Topic of the month – The 5 Languages of Love
Posted by: Sue Atkins
How to spot your child’s language of love
In our modern society raising happy, confident, well balanced and emotionally healthy kids is often increasingly difficult. Kids seem to speak a completely different language when they are texting or chatting on the internet that is sometimes hard to understand yet one really important aspect to parenting is to meet your child’s need for love. But did you know there are actually five primary ways in which your child expresses and receives love? And did you know that every child has their own unique way of perceiving that love?
As you know, children need to know that they are loved for being themselves-it is otherwise known as unconditional love. This helps them to develop self-esteem and self-confidence and allows them to grow into responsible, well-balanced and happy adults, free from resentment, guilt, fear and insecurity.
But did you know there are five styles of communicating love that each of us responds to more naturally? Each one of us has a primary love language that we prefer and that helps us to make sense of the world. Conflicts or misunderstandings occur when as parents we don’t use or understand our child’s primary love language.
Every child has an emotional tank, a place of emotional strength that can fuel them through the challenging days of growing up and just as cars are powered by reserves of petrol in their fuel tank, so are children fuelled from their emotional tanks. So it makes sense for us to fill our children’s emotional tanks for them to reach their true potential.
So, how do we do this?
It helps to know to know that there are five basic ways to show love.
Physical touch – hugs and kisses are the most common ways to express this kind of love. Tossing your toddler in the air or spinning them round, reading a story with them sitting on your lap, rustling a teenager’s hair, or touching them affectionately on the shoulder are only a few examples of showing and expressing physical love. Physical touch is one of love’s strongest voices. It shouts “I love you” yet many parents or adults now fear calls of sexual abuse, so they hold back from what is one of life’s most natural expressions of affection. So just relax and express your love appropriately and naturally.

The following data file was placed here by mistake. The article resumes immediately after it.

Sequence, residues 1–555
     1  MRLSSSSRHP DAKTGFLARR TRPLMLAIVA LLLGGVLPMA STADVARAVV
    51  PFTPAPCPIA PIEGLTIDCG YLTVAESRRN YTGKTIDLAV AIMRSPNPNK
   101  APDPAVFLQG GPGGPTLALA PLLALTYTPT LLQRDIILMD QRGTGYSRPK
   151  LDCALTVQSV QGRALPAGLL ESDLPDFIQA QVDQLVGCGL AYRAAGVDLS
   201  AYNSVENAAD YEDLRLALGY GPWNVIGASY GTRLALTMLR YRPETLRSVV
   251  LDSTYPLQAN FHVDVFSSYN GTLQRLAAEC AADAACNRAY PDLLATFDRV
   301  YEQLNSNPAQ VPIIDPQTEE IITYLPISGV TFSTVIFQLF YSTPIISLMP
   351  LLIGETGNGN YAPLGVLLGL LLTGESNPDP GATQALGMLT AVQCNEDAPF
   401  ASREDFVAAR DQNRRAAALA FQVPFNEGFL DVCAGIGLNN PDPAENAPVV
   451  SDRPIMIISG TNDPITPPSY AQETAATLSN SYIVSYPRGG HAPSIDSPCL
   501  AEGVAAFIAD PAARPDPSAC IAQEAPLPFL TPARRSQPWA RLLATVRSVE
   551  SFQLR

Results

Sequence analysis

Words of Affirmation – our words are powerful. Words of praise, affection, endearment, encouragement and guidance are ways of really saying, “I care about you.” Words can nurture your child’s soul and give them a deep sense of security. So, if this is your child’s primary love language, choose your words carefully and be gentle in your tone of voice. Appreciate, don’t criticise and look for lots of ways to be positive in encouraging your children.
Quality Time – this is basically receiving your undivided attention. We have all heard about “quality time” over the years, and we all beat ourselves up about not doing it enough-but it doesn’t mean playing endless games of Ludo or cricket in the garden. It means focused attention for as long as you feel comfortable. 10 minutes talking with your child and doing nothing else at the same time, is quality time, 15 minutes doing a jigsaw together is quality time, singing on the” Sing Star” with your daughter for half an hour is quality time. It’s the gift of being present in a moment and not reading the paper or looking at the TV or preparing dinner. It’s just being together-not scaling Everest or going to “Disney World”